It’s on the two vessels operated by Australian Longline where our quest for the highest standards of environmental practice and product quality pass the ultimate test. And what a proving ground.
The Antarctic Chieftain and the Antarctic Discovery operate in some of the harshest marine environments on earth, below the 50th parallel, thousands of kilometres from land, in icy conditions, sometimes terrible storms, underpinned by that notorious, relentless Southern Ocean swell.
It is cold, wet and unforgiving.
Yet our highly experienced and skilled crews have shown that, despite these privations, they can deliver.
The Toothfish (often sold as Chilean Sea Bass) that finally appears on the plate is testimony to the work ethic of our teams.
They aim for nothing less than the best, guided by the strict standards set by the Commission for the Conservation of Antarctic Marine Living Resources (CCAMLR) under the Marine Stewardship Council (MSC) and under the eye of two government observers.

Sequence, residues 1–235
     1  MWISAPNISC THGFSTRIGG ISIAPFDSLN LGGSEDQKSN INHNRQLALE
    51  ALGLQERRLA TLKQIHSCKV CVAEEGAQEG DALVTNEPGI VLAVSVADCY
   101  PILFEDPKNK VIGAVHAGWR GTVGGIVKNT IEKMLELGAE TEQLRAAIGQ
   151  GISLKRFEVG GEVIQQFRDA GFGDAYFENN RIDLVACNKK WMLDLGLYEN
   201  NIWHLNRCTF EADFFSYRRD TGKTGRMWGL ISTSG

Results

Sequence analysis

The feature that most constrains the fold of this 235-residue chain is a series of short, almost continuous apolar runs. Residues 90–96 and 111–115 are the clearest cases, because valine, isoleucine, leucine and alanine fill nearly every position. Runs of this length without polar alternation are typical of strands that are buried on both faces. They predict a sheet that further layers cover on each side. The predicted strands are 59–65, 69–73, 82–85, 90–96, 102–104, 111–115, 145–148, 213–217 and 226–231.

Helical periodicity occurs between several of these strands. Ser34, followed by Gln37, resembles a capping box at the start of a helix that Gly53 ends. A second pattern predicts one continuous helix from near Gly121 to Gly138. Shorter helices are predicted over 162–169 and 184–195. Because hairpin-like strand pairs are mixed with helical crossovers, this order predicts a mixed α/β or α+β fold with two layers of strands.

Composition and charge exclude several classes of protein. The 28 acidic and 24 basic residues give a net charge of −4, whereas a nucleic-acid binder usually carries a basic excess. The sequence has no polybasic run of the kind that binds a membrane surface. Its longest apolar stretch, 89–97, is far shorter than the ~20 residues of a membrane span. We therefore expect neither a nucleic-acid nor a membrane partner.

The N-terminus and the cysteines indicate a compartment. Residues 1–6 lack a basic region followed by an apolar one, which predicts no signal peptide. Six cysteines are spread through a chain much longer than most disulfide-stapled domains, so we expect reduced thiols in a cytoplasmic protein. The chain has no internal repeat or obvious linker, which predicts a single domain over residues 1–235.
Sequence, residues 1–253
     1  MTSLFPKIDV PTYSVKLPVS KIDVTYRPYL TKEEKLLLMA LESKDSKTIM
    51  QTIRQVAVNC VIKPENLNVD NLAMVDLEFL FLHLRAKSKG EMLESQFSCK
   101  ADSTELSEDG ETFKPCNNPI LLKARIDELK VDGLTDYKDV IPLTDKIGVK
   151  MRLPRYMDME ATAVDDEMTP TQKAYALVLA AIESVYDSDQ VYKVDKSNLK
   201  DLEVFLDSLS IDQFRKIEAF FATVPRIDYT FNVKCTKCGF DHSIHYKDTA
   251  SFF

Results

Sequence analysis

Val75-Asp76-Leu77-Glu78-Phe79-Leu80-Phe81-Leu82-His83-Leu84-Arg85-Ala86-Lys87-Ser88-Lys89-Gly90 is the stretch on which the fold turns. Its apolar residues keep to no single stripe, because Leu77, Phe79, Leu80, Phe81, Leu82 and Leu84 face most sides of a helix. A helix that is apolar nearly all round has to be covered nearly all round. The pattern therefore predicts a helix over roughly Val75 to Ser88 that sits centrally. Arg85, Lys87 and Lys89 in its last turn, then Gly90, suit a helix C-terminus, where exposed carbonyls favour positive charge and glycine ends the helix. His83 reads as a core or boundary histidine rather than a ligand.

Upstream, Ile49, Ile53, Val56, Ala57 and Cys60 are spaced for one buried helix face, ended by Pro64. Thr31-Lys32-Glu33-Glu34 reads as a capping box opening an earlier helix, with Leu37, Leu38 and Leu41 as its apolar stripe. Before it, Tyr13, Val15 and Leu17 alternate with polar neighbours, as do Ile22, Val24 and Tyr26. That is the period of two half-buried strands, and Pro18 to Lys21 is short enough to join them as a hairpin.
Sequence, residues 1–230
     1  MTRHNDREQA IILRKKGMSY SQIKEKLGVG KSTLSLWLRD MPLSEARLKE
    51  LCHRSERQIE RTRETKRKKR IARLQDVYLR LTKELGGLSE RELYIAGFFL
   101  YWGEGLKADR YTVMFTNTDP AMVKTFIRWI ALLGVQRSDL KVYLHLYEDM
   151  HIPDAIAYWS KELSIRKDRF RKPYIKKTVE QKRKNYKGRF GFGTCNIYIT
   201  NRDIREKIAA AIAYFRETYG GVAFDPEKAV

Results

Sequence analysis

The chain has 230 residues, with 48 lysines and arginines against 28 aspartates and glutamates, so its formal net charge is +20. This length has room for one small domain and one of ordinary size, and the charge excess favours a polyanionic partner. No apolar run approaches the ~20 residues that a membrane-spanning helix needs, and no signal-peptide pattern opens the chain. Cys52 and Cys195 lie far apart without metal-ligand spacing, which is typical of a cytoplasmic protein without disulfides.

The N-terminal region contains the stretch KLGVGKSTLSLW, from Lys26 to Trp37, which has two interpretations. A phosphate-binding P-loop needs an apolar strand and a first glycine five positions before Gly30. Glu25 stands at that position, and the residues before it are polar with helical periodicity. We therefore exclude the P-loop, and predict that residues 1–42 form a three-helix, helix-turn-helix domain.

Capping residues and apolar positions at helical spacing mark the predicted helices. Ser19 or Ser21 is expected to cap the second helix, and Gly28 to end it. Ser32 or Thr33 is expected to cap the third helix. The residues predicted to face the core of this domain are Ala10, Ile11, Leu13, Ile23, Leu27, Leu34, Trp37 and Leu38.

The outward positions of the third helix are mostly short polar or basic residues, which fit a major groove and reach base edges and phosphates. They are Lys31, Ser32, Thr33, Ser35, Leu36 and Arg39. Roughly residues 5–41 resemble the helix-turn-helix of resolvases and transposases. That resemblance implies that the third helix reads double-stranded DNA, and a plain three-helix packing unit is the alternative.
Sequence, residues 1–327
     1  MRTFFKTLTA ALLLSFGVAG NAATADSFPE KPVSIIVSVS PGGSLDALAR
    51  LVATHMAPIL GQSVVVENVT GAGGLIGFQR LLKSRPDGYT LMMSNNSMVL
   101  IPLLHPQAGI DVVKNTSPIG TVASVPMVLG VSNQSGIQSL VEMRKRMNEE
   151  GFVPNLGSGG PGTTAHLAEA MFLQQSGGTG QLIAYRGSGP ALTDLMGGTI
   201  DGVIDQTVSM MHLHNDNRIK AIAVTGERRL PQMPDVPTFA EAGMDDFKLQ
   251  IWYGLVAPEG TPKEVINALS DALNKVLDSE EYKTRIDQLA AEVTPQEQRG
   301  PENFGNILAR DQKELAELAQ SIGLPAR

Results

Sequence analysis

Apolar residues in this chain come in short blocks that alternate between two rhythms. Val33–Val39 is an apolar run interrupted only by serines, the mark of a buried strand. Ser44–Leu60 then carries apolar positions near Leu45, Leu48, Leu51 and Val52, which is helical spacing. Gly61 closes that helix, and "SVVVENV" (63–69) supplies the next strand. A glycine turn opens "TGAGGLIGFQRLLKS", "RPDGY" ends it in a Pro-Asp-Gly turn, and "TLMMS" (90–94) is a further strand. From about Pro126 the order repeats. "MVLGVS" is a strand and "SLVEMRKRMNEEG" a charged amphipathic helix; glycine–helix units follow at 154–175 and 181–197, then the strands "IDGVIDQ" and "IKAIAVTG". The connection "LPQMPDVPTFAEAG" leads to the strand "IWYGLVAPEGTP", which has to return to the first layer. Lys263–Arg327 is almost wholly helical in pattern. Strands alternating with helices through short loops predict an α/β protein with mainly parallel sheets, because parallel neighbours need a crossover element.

Delivering a super-premium product in such testing conditions means a regime focused on quality and strict timetables onboard. From the setting of the lines, to bringing the fish in, to preparing and freezing them, the focus is on delivering on the promise. That promise being one of the world’s most sought after fish.
The Antarctic Chieftain carries a crew of 24 and 2 observers and there is a hospital on board. The 62.8 metre vessel was built in 2002 and was extensively modified and refurbished in 2008. This vessel is registered in Fremantle, Western Australia.
The Antarctic Discovery carries a crew of 22 and 2 observers. The vessel is 55.3 metres in length and was extensively refurbished in 2015. This vessel is registered in Hobart, Tasmania.